MAPPS has sent a letter to Iowa Governor Terry Brandstad and state department of transportation director Paul Trombino in response to a published solicitation for a high-speed laser scanner with survey grade accuracy and field-of-view integrated camera.
MAPPS concern is based on the fact that such services are currently provided in the commercial market by professional surveying and mapping firms. There are numerous scanner/camera systems owned and operated by private surveying and mapping firms across the United States. These firms have invested heavily in this technology, not only in capital, but in training and development of their personnel as well. Many of these firms have provided mapping, surveying, and geospatial services to the Iowa Department of Transportation for many years. Services such as aerial and ground-based surveying and mapping (commonly known as photogrammetry), aerial photography, land surveying, GIS, and scanning and imagery for mapping have long been contracted to the private sector by federal and state agencies, and many of these services have been contracted to the private sector by Iowa DoT.
Historically, private firms have proven to be more cost-effective in providing surveying and mapping services than in-house DOT production. Scanning and imaging services should be regarded in the same manner, and should be contracted as part of a QBS selection for professional services.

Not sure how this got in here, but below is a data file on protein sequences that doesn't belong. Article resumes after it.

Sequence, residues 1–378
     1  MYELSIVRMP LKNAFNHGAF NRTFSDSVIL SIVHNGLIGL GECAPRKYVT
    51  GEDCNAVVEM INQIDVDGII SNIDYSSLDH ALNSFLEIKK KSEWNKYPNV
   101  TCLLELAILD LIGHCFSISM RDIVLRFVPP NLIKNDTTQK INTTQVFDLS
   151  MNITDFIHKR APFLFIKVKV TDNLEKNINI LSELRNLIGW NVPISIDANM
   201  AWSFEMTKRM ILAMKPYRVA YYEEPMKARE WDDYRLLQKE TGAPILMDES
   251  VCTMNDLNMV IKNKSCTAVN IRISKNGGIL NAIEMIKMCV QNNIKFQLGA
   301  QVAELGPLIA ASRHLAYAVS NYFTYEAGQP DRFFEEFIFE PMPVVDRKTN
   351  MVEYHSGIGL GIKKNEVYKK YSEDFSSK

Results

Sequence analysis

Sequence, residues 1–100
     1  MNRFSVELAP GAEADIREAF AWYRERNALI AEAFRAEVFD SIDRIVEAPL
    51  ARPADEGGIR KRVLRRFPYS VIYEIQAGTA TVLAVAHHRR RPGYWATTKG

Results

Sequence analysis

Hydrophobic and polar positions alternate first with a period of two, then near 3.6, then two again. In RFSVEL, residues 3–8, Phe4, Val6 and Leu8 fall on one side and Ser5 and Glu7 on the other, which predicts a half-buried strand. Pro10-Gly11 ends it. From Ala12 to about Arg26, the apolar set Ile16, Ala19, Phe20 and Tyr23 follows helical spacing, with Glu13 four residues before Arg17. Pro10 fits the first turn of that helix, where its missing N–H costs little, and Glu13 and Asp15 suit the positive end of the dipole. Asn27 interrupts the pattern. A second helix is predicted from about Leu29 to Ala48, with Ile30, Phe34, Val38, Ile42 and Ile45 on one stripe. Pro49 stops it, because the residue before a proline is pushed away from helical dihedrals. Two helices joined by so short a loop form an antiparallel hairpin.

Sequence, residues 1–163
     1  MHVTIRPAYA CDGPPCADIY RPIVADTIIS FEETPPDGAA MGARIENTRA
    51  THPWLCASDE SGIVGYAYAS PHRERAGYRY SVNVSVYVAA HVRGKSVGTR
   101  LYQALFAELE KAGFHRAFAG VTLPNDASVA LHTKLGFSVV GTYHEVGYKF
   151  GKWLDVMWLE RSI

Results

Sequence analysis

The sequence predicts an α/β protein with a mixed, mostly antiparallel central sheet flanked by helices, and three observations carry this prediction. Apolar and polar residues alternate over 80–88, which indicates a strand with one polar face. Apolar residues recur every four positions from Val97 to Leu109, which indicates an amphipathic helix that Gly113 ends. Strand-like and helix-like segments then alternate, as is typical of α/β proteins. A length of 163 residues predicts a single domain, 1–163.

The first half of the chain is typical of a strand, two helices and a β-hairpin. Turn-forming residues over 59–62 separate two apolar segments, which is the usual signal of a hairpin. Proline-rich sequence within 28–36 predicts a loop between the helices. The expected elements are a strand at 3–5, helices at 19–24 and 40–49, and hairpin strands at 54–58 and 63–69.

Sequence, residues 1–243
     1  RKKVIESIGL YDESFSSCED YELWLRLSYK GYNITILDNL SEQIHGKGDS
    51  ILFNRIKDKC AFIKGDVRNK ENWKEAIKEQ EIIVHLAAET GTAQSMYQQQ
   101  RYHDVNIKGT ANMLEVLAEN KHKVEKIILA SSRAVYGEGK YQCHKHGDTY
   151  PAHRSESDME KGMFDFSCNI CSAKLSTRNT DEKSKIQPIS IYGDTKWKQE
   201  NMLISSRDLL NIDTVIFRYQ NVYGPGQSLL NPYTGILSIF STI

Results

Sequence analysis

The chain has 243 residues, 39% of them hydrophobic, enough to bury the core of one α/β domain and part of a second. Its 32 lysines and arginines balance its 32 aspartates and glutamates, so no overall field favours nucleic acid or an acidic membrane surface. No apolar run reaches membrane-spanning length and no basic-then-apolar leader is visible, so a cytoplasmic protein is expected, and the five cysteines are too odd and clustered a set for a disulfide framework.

Federal law, which encourages the use of the private sector for highway projects (See 23 USC 306), may prohibit the acquisition of such a unit. Since 1956, the national highway law required the Secretary of Transportation to, "wherever practicable, authorize the use of photogrammetric methods in mapping, and the utilization of commercial enterprise for such services”. The law was amended in the National Highway System Act in 1995 to require the Secretary to "issue guidance to encourage States to utilize, to the maximum extent practicable, private sector sources for surveying and mapping services for projects”.
MAPPS said in an economy where States are finding it difficult to fund basic services and face financial difficulties due to high unemployment rates and reduced tax revenues, it does not appear wise or prudent to waste taxpayers’ money on equipment for government operation of an activity when there are private firms that already have such equipment and can be utilized through a competitive procurement process.